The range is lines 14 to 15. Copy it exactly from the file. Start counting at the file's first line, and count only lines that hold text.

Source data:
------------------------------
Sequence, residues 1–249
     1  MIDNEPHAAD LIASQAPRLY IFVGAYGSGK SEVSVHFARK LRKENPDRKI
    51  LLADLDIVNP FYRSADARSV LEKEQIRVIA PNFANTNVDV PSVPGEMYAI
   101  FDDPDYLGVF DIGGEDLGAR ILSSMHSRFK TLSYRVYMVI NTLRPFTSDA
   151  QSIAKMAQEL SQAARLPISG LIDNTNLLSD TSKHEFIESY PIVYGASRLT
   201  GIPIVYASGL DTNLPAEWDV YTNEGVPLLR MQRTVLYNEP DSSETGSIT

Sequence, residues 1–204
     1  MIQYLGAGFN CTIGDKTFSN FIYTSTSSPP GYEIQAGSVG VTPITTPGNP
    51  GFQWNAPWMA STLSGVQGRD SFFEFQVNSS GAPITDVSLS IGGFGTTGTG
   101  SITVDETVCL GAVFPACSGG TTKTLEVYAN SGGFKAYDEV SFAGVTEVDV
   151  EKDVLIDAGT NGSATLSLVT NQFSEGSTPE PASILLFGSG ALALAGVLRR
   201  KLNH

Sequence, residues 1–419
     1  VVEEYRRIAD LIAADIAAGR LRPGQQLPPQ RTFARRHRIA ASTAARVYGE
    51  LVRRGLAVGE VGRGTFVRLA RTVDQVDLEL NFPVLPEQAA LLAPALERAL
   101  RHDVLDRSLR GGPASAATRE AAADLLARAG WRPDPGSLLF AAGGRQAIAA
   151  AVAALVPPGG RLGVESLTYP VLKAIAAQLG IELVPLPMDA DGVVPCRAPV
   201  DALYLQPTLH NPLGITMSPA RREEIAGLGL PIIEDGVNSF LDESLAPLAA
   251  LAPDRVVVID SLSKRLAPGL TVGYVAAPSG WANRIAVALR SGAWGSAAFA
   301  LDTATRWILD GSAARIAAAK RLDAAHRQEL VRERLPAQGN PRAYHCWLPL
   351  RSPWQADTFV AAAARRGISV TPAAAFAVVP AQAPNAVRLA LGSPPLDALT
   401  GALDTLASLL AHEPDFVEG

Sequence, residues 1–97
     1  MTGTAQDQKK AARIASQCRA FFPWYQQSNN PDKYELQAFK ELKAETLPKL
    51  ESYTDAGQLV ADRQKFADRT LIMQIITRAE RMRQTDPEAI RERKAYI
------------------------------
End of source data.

     1  VVEEYRRIAD LIAADIAAGR LRPGQQLPPQ RTFARRHRIA ASTAARVYGE
    51  LVRRGLAVGE VGRGTFVRLA RTVDQVDLEL NFPVLPEQAA LLAPALERAL